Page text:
3. Respect That They May Not Be a Morning Person
“The day shall not be wasted! We got time off for this! We waited a long time for this!” I said once, to not-a-morning person. And then that not-a-morning person was miserable for the rest of the day because they didn’t get enough sleep.
This experience taught me that travel is not the time to switch someone into a morning person, no matter how chipper, pumped with coffee and ready I am to seize the day.
Instead, I now get up, wander to the local coffee shop by myself, listen to the sounds of a city as it wakes up and read a book. It’s become my favorite way to start the day.
On the same note, show respect if your partner is not a night owl. Some people just really enjoy pajamas and socks at a reasonable hour. So cozy up early—unless there’s a meteor shower or an aurora borealis waiting outside in the night sky.
4. When Conflicts Arise, Have Healthy Communication
Conflict will happen. Every time, on every trip. No matter who you’re traveling with.
Remember that when two people travel together, compromise is essential. Before you leave home, discuss what activities you’re both interested in, what pace you’d like to take and the amount of money you collectively want to spend.
“Sometimes they didn’t want to do what I wanted to do,” Wenger says. “You can mitigate that by taking time to yourself—and I think that’s really important—but other times you have to let things go in order to make the relationship work.”
There’s nothing worse than surprising your partner with the news that you planned two tours, seven dinners, a scuba dive and a marathon all in one day. Be considerate—asking for your partner’s input is important so that you don’t have unrealistic expectations.
5. Give (and Receive) Gratitude
Usually one person plans the majority of the trip (unless you go on an REI Adventures trip, which is planned ahead of time). Those of us who are Type A planners do a lot of research to make sure a trip is as seamless as possible and that we get the best deals in the best locations.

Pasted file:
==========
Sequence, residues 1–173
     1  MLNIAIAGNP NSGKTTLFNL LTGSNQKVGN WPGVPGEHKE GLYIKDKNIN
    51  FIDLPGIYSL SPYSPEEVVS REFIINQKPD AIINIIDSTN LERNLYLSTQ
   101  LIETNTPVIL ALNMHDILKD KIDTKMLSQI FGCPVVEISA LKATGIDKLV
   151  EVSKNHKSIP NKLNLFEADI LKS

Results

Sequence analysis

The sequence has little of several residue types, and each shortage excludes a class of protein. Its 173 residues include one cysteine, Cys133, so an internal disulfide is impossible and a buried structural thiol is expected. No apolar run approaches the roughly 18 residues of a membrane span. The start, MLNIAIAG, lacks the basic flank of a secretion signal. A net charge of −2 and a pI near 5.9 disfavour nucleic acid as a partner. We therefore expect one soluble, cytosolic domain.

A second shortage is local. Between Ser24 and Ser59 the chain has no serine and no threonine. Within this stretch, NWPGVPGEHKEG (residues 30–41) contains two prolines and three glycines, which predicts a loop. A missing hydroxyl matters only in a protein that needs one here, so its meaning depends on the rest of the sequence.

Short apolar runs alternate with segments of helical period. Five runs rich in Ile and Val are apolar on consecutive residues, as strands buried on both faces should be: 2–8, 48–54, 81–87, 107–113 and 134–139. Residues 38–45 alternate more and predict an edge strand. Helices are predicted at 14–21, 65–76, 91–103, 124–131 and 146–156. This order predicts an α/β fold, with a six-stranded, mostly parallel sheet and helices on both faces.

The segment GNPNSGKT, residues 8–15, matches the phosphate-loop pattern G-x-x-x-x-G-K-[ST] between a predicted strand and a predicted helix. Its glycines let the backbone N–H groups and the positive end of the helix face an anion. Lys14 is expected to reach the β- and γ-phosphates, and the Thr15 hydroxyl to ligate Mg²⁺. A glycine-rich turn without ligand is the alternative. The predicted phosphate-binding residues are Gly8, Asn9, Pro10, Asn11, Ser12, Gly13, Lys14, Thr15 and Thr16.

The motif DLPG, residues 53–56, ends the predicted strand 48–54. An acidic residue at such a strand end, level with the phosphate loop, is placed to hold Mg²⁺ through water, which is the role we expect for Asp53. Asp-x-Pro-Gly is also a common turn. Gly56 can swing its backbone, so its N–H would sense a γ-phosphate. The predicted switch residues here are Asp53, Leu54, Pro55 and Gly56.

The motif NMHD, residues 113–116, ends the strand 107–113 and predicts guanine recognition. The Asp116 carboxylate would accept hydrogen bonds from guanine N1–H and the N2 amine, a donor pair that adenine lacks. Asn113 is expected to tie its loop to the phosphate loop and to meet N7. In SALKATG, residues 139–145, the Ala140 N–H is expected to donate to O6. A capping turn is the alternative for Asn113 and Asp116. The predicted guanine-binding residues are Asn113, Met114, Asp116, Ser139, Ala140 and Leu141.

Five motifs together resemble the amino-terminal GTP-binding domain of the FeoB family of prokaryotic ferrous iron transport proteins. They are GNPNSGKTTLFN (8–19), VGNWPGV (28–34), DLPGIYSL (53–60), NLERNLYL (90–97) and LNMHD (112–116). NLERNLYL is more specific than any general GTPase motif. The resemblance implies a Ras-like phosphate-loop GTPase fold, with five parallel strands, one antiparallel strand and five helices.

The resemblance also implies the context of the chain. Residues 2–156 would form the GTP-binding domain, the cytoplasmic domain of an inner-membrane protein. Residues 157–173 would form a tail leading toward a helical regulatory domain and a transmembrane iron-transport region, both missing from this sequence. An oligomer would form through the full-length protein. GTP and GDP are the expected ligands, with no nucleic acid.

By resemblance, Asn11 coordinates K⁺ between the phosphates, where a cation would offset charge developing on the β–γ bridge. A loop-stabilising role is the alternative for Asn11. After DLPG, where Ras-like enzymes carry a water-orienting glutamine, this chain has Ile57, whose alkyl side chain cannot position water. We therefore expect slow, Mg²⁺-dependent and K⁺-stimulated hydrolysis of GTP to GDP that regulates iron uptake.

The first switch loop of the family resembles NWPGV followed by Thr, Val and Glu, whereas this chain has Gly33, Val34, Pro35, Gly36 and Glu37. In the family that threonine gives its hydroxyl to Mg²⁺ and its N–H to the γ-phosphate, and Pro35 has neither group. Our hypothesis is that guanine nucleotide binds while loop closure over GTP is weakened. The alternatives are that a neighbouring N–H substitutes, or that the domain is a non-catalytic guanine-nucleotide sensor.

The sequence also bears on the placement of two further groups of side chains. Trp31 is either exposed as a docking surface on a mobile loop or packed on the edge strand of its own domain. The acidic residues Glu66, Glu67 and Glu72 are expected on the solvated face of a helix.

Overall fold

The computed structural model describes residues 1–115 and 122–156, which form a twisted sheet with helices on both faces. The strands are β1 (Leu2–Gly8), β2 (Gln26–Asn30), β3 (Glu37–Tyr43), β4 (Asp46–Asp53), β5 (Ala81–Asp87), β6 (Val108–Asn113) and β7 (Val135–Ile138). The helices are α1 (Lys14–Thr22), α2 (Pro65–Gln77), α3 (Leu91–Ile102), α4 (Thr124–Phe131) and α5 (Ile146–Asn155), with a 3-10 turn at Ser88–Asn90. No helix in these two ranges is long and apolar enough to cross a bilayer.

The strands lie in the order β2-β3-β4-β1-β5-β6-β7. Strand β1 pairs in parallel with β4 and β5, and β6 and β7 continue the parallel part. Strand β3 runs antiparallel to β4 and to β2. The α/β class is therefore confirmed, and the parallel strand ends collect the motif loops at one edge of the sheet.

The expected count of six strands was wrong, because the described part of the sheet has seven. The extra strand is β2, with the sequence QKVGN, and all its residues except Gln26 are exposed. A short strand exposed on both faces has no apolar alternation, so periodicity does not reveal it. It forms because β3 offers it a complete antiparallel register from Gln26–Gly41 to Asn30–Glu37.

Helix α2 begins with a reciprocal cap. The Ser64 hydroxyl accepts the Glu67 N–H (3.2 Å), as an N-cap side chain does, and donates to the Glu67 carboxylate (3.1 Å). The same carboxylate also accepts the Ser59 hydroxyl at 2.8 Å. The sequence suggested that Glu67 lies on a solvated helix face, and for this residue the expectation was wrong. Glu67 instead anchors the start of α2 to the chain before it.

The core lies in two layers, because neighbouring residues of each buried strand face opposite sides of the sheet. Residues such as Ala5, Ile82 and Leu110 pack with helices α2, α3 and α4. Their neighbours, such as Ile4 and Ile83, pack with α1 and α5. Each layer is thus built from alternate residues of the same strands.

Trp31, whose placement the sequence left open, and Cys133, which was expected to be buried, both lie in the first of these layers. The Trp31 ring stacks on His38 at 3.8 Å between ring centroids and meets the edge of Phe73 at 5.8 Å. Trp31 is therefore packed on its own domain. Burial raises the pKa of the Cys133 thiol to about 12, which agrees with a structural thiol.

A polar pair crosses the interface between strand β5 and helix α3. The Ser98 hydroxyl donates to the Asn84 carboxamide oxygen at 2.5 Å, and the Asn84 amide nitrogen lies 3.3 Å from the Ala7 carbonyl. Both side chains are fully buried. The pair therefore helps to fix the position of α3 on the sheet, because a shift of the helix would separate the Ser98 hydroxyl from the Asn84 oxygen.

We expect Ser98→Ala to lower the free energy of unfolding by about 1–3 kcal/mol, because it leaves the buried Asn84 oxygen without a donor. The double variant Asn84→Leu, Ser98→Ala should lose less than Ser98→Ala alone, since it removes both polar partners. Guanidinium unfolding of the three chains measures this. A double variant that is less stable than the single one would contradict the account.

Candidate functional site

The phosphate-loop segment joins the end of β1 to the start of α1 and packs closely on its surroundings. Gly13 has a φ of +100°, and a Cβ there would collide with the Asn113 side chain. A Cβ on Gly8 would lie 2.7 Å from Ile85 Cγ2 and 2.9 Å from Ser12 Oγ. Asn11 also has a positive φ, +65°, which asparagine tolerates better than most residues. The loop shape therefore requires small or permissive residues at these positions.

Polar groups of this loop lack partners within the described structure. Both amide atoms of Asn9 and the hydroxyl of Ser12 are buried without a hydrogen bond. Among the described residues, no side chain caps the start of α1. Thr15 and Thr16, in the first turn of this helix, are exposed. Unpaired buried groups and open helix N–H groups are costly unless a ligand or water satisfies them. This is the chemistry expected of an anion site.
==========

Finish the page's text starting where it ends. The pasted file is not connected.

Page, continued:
However, it can be incredibly discouraging when a partner critiques your hard work. Like the time I planned a trip to Mexico and my boyfriend complained about the accommodations and I felt defeated and unappreciated after putting so much thought into his comfort.
And, when you don’t lift a finger to contribute to the planning process, it’s important to validate your partner by showing gratitude. It may be a simple, “Thank you for planning this, you did a great job,” that makes all the difference.
6. Go On Dates
Vacations are the perfect time to be romantic. But it can be hard to remember to appreciate each other after you’ve been roughing it, walking, sweating and taking showers sparingly. But all that said, it’s still important to be a couple.
Building dates into your trips and spending one-on-one time after being surrounded by crowds, tour groups and strangers all day is a great strategy to keep the flame ablaze. Plus, it’s a good excuse to get cute, dress up and smell good for once.